Mike Scott writes about business, finance, clean energy and sustainability. He lives in Bournemouth, England.
The U.K. has a new prime minister, and, even though she once served as environment minister, questions are swirling about how committed Liz Truss and her government are to tackling climate change.
Since taking office September 6, she has pledged to expand oil and gas production from the North Sea and ended a ban on fracking, while during her campaign, she said she would change rules so that farmers could not put solar panels on their fields.
Meanwhile, some of her ministerial appointments have also sparked alarm. This included making Jacob Rees-Mogg, who looks like a top-hat wearing Victorian factory owner and has many of the same attitudes, secretary of state for business, energy and industrial strategy, and therefore responsible for energy policy. He has cast doubt on the urgency of the climate crisis in the past and is an enthusiastic advocate of both fracking and more North Sea development.
Tom Burke, co-founder of the environmental think tank E3G, told The Guardian that Rees-Mogg “has showed no sign of understanding the complexity or opportunity of net zero.” Burke added that “the single most important thing to do in energy policy now is to bring demand down. I have no confidence that he will take this forward.”
Rebecca Newsom, head of politics at Greenpeace U.K., added that “Rees-Mogg is the last person who should be in charge of the energy brief, at the worst possible moment.” She blamed him for pushing former prime minister David Cameron to cut funding for energy-efficiency programs, wind and solar, a move that has added £150 to every energy bill as gas prices have soared.
During the Tory leadership campaign, both Kemi Badenoch, the new trade secretary, and Suella Braverman, home secretary, said that the U.K.’s net-zero target – which is legally binding – should be suspended.
There are some encouraging signs, though: the new Chancellor of the Exchequer, Kwasi Kwarteng, a former energy minister and then business secretary, was heavily involved in the rollout of the U.K.’s Net Zero Strategy and has frequently been a strong advocate for the strategic importance of the energy transition. He has spoken out recently against fracking in the U.K., arguing that it “won’t materially affect the wholesale market price.”
He was also an advocate for the previous government to invest more in energy efficiency and to end the ban on onshore wind, clashing with other members of the Cabinet and the Treasury in the process. He runs the Treasury now, so that could herald big changes on energy efficiency, at least. In addition, he is in a position to limit the damage Rees-Mogg can do because he holds the purse strings.
Rees-Mogg is the last person who should be in charge of the energy brief, at the worst possible moment.
-Rebecca Newsom, head of politics at Greenpeace U.K.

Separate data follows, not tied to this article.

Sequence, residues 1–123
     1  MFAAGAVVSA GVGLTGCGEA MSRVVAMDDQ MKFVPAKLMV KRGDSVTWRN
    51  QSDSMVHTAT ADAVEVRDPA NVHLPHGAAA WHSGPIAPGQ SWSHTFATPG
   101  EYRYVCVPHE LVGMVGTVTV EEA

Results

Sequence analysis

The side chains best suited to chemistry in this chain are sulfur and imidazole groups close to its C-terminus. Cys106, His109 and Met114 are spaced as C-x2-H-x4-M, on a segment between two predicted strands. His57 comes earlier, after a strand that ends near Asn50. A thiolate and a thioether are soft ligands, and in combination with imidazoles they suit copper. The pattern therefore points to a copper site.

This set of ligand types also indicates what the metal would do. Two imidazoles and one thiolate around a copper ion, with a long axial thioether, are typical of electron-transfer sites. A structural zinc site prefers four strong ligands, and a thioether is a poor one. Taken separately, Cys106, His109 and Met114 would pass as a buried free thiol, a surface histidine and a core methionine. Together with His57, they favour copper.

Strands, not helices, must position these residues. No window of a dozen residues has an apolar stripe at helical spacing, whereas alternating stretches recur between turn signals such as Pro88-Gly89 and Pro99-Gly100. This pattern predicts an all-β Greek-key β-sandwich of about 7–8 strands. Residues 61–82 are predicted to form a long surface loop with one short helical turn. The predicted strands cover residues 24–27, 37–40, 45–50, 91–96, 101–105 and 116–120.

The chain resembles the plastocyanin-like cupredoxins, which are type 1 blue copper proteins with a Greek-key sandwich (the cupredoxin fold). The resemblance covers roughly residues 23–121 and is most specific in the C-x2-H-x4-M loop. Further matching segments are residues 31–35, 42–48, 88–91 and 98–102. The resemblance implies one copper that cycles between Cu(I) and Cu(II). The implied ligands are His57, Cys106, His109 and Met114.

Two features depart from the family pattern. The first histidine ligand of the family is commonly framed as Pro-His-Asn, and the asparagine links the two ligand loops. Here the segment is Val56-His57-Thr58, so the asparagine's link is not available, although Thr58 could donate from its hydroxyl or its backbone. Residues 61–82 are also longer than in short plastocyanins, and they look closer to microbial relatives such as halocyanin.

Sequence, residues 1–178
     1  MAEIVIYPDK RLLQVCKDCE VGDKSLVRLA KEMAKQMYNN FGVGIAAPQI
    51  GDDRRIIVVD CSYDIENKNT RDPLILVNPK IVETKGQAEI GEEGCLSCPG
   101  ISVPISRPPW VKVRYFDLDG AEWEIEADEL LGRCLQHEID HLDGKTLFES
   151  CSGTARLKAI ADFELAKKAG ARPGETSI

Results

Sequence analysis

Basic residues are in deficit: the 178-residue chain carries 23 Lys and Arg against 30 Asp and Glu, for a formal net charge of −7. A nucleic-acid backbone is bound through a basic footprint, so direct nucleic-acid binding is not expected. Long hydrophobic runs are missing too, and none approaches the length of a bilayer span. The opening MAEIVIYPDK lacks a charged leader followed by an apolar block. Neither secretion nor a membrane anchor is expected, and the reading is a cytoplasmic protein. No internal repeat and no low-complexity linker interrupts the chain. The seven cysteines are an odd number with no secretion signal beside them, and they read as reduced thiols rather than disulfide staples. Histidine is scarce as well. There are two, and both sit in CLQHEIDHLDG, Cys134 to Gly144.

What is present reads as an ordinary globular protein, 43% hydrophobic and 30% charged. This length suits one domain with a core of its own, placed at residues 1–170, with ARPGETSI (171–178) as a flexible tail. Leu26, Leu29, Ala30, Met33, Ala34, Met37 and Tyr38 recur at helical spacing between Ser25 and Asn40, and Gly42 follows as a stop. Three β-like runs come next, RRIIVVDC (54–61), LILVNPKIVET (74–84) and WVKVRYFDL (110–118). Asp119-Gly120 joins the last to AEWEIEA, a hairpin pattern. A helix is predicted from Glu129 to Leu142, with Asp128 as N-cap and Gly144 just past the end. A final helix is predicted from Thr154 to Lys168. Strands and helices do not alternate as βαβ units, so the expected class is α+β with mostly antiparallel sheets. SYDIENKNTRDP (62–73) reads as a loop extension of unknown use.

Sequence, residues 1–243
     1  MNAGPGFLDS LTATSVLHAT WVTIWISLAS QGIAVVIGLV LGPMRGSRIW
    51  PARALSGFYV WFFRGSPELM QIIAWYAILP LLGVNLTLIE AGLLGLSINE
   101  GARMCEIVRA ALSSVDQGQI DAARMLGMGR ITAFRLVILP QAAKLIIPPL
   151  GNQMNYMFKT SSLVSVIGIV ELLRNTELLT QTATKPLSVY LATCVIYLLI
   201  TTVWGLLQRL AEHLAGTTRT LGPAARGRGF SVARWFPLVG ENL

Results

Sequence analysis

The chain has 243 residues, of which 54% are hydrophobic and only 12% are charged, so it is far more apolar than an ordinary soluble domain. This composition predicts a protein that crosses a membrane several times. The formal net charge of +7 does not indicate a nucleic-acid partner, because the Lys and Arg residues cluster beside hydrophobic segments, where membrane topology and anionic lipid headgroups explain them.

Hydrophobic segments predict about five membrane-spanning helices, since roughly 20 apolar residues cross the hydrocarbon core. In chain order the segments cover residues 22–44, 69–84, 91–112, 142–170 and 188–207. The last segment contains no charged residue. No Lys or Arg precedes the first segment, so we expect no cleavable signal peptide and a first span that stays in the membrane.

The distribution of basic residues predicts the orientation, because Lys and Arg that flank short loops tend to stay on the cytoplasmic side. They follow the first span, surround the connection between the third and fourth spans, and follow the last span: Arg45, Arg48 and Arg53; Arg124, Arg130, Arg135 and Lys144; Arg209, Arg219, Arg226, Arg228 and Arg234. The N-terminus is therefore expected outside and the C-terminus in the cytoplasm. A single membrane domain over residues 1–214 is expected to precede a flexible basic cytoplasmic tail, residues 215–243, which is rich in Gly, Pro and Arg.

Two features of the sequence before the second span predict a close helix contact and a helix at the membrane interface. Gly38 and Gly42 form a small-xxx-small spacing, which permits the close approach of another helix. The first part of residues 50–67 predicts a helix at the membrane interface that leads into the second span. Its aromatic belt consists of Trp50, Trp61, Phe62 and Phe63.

While there was no mention of energy efficiency in new measures to tackle one of Europe’s most serious energy-price crises that Truss announced in Parliament on Thursday, the government’s Climate Change Committee and National Infrastructure Commission jointly wrote to the PM, calling on her to “develop credible policies for energy efficiency in buildings. Investing in efficiency now will provide meaningful reductions in the amount of energy wasted over the long-term and support the necessary transition to low-carbon heat.”
Simon Clarke, the new “levelling up” secretary, is also a strong advocate for net-zero, while Graham Stuart, who has long supported bolder climate action, will be climate minister and is expected to provide a strong counterpoint to his boss, Rees-Mogg.
There is no doubt that the new Cabinet is divided on the urgency of tackling climate change, but there are powerful voices in favour of action. And the Conservative leadership campaign – during which climate advocates were able to get all the candidates to commit to the U.K.’s net-zero target – showed that the climate action lobby is now a significant political force within the Tory party. If necessary, it can join forces with opposition MPs to thwart poor policies.
Perhaps that’s why Truss asked Chris Skidmore, former energy and climate minister and one of the biggest Tory supporters of climate action, to conduct a review into meeting the U.K.’s net-zero commitments in the most economically efficient way.
Given the simple economic and political fundamentals – gas in Europe is nine times more expensive than renewable energy at the moment, and renewable projects can be developed in months (if the permitting process is sorted out), while fracking and the North Sea will take years to come online – this report, to be completed before Christmas, could help build support for climate action in the party.
Fracking has just 17% support in the U.K. compared to 76% for renewable energy projects, and any proposals would be subject to widespread protests.
Most importantly, Truss does not command the overwhelming support of her party in Parliament. A majority of her MPs wanted someone else as leader, raising questions about the extent to which she will be able to get any policies through Parliament, including anti-climate ones.
Her party is a long way behind in the polls. Her ability to command a majority for contentious anti-climate policies is unproven at best. And don’t underestimate the impact of the new king: Charles III’s views on climate change are well-known and harder now than ever to ignore, even if he is now limited in what he can say in public. In the end, her ability to impose climate-unfriendly actions may be severely constrained. And in the absence of a global event on home turf such as last year’s COP26 climate conference in Glasgow, it seems unlikely she will be as forceful an advocate for climate action globally as her predecessor was.